The Chained CPI Explained

One option on the table that has great potential to be included in a final deal is the chained CPI. As we explain in our updated paper on the chained CPI, "Measuring Up," the current CPI overstates inflation because it doesn't account for substitution between different categories as relative prices change. Today, Marc Goldwein, CRFB's Senior Policy Director, further explained this policy in a CNN radio interview using the example of ham and turkey sandwiches. You can listen below:

The story focuses on its application to Social Security, but it is worth noting that the chained CPI would also affect the tax code and other spending that involves cost-of-living-adjustments (COLAs).

Goldwein also appeared in a WBAA public radio piece about the chained CPI. Similar to the CNN piece, he discusses how the chained CPI's methodology would be an improvement over the current CPI and describes its effect on the budget. He also points out that the chained CPI would phase in gradually, so it would have the benefit of not reducing deficits too quickly.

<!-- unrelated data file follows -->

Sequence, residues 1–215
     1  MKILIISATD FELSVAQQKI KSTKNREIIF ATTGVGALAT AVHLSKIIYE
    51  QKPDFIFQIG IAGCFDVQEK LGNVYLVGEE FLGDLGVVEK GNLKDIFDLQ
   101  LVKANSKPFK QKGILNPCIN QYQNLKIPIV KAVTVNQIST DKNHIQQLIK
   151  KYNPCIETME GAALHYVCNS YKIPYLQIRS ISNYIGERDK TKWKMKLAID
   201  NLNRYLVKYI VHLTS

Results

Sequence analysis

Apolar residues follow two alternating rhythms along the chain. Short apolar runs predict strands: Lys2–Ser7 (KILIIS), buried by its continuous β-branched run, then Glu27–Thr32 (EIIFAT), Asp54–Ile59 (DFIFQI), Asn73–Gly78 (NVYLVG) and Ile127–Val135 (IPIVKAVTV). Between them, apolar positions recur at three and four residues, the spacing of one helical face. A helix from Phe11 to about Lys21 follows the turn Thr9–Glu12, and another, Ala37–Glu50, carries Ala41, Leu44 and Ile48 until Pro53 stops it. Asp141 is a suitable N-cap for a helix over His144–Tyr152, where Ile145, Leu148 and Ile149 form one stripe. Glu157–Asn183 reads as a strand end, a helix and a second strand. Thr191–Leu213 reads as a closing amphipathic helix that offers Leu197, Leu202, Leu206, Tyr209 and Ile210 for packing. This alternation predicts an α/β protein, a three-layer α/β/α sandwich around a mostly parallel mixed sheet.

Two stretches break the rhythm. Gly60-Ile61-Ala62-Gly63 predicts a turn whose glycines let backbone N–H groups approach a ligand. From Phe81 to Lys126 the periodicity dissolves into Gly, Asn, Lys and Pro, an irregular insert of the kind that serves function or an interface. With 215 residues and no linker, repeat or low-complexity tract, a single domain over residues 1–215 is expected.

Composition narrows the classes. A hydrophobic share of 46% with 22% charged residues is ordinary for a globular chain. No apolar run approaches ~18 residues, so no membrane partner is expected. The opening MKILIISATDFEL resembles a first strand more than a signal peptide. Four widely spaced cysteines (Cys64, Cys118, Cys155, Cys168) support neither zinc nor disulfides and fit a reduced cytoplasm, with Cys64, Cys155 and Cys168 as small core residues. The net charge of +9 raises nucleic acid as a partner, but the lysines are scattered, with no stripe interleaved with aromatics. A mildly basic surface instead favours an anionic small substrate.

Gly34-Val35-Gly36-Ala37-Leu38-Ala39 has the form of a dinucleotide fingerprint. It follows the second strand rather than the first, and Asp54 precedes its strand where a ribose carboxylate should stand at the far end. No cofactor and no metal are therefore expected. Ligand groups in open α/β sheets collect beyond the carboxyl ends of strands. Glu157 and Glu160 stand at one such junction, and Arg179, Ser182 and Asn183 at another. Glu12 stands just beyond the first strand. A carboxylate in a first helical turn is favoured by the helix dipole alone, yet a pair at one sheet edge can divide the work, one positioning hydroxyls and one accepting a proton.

Despite critics claiming that it would hurt the vulernable, we have shown that on average chained CPI would be distributionally neutral. Any particularly vulnerable group that would be hurt by chained CPI -- for example, seniors that collect Social Security for a long period of time -- could be helped with other policy changes like, in this case, a benefit bump-up after collecting benefits for twenty years. This is preferable to continuing to use a less accurate measure of inflation for everyone.

The chained CPI may be one of the easier options on the table right now, and it should definitely be included in the discussion. For more information on the measure, check out our updated report.

UPDATE: This blog has been updated to talk about Goldwein's also recent appearance in a WBAA public radio piece talking about the chained CPI.

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